Common-Sense Money Advice No One Ever Wants to Hear

Desy Papper

If you buy through our links, we may earn money from affiliate partners. Learn more. The best money advice isn’t a secret — it’s just not necessarily what you want to hear. Good financial advice often involves spending less, and while that’s not the most glamorous thing to do, it’s […]

If you buy through our links, we may earn money from affiliate partners. Learn more.

The best money advice isn’t a secret — it’s just not necessarily what you want to hear.

Good financial advice often involves spending less, and while that’s not the most glamorous thing to do, it’s guaranteed to help you keep more of your hard-earned cash. Keeping spending in check ensures there’s money leftover to save and invest, and build wealth for the future. 

There are four tried-and-true pieces of money advice that no one ever wants to hear but, taken together, they make a solid foundation for building wealth, saving money, and keeping your finances in order. 

1. Don’t buy too much house

Your dream house might not be within your budget. But that doesn’t mean overspending is the right move.

Buying too much house can keep you from being able to save, spend, and invest for the future. A good rule of thumb is to aim to spend no more than 28% of your monthly income on housing, including other costs like taxes and insurance.

You’ll likely be paying on this house for the next 30 years, and committing to three decades of overspending will have big consequences.

2. Don’t overspend on dining out 

Eating out (or ordering in) can add up quickly.

Blogger Connie Conpoint, who is working towards financial independence, loves to eat out and factors this into her monthly budget. “I build it into my money management system, so I can plan for it instead of restricting myself,” she told Insider. She logs all of her expenses by category in order to stay within budget.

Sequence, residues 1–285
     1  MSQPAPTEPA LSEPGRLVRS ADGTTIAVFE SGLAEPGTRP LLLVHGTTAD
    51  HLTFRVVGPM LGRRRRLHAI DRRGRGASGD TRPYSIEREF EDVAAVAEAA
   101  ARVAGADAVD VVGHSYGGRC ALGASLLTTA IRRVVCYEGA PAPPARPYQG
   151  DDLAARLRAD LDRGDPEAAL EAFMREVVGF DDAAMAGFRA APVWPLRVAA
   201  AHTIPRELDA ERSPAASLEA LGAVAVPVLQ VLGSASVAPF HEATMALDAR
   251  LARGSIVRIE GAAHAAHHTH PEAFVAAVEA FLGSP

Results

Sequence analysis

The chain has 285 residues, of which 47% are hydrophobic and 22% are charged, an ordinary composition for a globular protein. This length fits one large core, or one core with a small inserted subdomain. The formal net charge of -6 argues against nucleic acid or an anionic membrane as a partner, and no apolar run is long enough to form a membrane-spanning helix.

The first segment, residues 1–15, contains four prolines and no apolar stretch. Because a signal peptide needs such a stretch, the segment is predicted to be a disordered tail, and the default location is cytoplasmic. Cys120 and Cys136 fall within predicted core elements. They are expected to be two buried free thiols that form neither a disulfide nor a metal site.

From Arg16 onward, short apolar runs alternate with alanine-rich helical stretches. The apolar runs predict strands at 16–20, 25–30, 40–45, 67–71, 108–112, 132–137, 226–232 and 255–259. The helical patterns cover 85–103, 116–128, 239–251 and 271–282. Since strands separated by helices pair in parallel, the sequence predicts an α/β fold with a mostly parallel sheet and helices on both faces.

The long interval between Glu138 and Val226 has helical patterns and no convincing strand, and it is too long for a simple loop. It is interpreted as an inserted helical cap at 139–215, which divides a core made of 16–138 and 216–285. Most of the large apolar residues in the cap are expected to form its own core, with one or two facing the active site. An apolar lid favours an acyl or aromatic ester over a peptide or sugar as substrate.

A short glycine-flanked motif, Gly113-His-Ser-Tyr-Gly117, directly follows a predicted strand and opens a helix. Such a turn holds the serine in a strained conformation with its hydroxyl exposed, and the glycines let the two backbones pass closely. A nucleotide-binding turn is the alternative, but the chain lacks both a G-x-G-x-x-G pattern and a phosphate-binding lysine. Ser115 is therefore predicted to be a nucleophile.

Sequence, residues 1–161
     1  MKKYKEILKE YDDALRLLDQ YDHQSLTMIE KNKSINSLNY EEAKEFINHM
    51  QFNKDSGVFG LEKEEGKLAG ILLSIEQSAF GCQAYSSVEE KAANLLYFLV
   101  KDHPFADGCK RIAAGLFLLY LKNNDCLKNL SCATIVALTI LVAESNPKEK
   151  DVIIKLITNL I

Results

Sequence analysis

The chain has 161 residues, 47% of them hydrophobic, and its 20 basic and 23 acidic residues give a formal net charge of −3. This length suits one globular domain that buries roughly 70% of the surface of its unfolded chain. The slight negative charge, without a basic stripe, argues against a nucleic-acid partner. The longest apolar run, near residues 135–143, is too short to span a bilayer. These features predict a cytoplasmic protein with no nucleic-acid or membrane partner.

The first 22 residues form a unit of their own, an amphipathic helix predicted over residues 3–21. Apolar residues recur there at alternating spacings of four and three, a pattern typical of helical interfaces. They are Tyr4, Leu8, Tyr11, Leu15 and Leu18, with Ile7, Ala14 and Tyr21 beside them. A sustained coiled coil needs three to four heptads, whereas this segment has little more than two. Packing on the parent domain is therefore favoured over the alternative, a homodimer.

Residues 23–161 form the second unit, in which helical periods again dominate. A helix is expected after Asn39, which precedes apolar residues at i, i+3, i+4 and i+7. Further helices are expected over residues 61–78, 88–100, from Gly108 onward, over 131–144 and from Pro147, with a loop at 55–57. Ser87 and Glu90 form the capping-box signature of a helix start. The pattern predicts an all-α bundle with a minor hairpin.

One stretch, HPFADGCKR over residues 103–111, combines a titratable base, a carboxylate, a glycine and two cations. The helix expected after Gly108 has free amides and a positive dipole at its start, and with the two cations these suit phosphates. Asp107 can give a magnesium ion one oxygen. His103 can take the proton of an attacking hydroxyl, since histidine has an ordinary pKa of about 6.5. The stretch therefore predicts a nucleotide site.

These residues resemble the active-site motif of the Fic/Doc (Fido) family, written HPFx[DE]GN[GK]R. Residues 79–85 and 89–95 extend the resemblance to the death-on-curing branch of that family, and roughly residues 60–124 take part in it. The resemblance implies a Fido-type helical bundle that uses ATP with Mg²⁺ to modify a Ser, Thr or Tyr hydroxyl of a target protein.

Cooking at home can be a great way to save money. Writer Lindsey Updyke saved $106 in a week by cooking at home, bringing her food costs down from her usual $200 per week to $94. 

3. Don’t carry a credit card balance (if you can help it)

Carrying a credit card balance can make all of your purchases more expensive. It adds interest to your total balance, growing the amount you owe (and the amount that interest is calculated on). 

While it can be unavoidable in some situations, carrying a balance can not only grow your debt, but also hurt your credit score. This can increase the total amount it will cost to borrow money later, and even increase things like insurance costs. These things will far outweigh any perks the card might offer. 

Carrying a balance on your credit card can have big consequences. Paying it off every month can go a long way. 

4. Track your spending to see where your money goes

Many people think they don’t need to keep track of their money, but almost everyone needs a budget. 

Tracking spending helped writer Megan DeMatteo save about $2,000 in a year. Not only was she more conscious of her budget, but it helped her see where she was overspending and cut back on restaurant, transportation, ridesharing services, and home-goods spending. 

A spreadsheet was DeMatteo’s option, and could be a great way to start tracking your own spending.

5. Don’t feel like you have to keep up with everyone else’s spending

While it might seem harmless, “keeping up with the Joneses” can be devastating for your finances.

If you’ve never heard the phrase, its meaning is relatively simple: it’s about keeping up with the possessions and lifestyles of everyone around you.

It’s a habit that can quickly mean taking on a larger mortgage than you should, and overspending on vacations, cars, clothing, and dining out.

Keeping up with everyone else’s lifestyle could encourage you to live above your means, and leave you further behind than you started. 

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